If you have received a letter from the Internal Revenue Service (IRS) or the Franchise Tax Board (FTB), you may be a bit uneasy. Especially if you haven’t been particularly careful with your paperwork. However, you cannot deny their call for domestic taxes; even if you have foreign economic interests, you can opt to cooperate with tax auditors.
So, what’s there to do? Well, the first thing you will want to do is contact a good tax audit attorney. Having a skilled and experienced professional by your side can help you reduce stress as well as help organize your papers as much as possible. What’s more, they can help you set up new protocols and practices which will prevent your tax returns from being audited in the future.
Why Are You Being Audited?
There is a chance that your taxes have been chosen for inspection at random, but that is a really rare occasion. The much more likely scenario is that the agency in charge has found some reason to check up on you. Perhaps you have applied for too many deductions this year, or you have had a large cash influx.
Some other reasons include discrepancies between the W-2s and other tax forms form the reported amounts or significant variations between your income from this year and previous years. Or it can be as simple as having figures which may appear as if they were rounded up or down instead of reporting the exact figure.
Delay the Audit If Possible
The first thing you should do is request a delay from the agency. That will give you a lot more time to actually prepare and get your papers in order. IRS is usually willing to give you some time if you are not being audited too often and if you provide a good reason why you wouldn’t be ready at the time they indicated.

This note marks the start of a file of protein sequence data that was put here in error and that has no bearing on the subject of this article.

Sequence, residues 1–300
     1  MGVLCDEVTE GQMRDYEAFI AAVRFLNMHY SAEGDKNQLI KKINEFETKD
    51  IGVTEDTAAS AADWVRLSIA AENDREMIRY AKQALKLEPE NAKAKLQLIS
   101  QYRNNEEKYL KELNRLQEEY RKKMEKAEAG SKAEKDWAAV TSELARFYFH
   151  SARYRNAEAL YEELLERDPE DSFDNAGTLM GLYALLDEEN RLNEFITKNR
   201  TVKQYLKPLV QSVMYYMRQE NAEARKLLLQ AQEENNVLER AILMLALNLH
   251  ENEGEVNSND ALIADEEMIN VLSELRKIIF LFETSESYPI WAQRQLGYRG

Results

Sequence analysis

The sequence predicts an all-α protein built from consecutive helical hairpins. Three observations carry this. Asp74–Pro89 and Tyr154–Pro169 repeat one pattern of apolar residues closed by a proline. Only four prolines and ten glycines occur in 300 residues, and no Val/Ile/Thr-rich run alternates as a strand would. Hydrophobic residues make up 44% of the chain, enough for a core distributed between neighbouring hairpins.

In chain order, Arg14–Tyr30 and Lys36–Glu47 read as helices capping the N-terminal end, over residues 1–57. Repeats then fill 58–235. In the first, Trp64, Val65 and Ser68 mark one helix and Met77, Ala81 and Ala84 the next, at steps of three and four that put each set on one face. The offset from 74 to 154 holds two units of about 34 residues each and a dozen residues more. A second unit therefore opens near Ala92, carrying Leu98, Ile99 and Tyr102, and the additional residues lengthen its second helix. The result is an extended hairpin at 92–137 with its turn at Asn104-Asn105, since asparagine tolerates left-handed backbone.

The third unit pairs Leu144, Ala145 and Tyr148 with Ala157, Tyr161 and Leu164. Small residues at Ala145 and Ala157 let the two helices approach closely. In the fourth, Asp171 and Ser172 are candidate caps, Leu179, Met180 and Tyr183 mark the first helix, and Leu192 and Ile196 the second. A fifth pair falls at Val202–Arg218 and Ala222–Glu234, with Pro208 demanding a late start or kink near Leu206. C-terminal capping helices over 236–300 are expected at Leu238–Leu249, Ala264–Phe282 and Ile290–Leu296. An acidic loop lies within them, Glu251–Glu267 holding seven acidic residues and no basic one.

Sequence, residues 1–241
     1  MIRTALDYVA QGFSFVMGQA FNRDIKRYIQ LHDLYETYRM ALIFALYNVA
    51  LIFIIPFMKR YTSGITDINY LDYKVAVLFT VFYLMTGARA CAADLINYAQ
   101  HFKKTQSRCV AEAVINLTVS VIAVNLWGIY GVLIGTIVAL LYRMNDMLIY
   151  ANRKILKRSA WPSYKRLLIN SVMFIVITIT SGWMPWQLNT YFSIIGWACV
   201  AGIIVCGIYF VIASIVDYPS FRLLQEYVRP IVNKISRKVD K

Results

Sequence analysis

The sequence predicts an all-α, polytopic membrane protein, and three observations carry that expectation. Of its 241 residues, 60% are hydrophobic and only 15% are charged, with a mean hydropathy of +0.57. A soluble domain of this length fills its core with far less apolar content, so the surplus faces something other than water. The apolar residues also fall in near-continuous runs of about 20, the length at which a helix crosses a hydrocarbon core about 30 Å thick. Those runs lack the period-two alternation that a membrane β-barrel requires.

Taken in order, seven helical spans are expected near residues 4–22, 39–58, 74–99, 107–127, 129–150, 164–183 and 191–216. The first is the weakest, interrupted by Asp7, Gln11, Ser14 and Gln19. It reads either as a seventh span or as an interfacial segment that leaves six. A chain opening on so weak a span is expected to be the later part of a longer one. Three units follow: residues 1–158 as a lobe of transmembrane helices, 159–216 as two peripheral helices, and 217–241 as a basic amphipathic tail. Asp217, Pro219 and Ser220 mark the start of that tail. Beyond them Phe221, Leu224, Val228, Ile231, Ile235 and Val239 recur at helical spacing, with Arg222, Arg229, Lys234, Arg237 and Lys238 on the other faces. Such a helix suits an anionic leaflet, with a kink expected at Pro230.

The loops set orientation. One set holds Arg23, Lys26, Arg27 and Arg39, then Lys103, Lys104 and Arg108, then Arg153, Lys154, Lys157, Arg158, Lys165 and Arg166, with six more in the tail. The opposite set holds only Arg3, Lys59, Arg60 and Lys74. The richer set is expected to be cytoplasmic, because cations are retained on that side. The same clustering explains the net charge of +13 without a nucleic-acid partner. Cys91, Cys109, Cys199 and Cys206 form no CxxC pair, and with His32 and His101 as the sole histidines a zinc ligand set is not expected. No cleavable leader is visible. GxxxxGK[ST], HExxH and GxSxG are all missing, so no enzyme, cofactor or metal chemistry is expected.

Don’t Tell Them What They Don’t Ask
Give the auditor as much information as they ask of you and be civil and professional when dealing with an auditor. However, don’t give them any paperwork they have not requested of you. Bring only the paperwork for the year that they are looking into to the meeting.
In the same vein, answer their questions when asked, but don’t talk to them about your finances more than is asked of you. Do not try to justify yourself or explain things, since they will be more focusing on what is written in the papers and less on what you have to say.
Research Your Rights and Obligations
The IRS actually provides a lot of free advice and guides about your rights and obligations on their website. Make sure that you research everything thoroughly before your audit starts. If you have consulted a tax audit attorney, ask them about your options if the audit doesn’t go all that well.
In that way, you can protect yourself from really damaging lines of investigation and misinterpretation of the data. For instance, you can ask for a recess so you can consult with your tax professional or complain to the authorities if you feel like you are being attacked by the auditor unfairly.
Be Prepared for Any Outcome
If you are being audited, chances are that the IRS will find something wrong with your papers, whether intentional or accidental. The odds are stacked heavily against you, so expect to be paying some amount of money to the IRS.
Despite this seemingly inevitable end result, you can still do something to mitigate the fallout. For instance, you can argue the specific tax issues with the auditor, and if the end result is really negative to you, you should definitively appeal to the parts of the report you disagree with or you don’t understand. More likely than not, they will be willing to reach a compromise with you.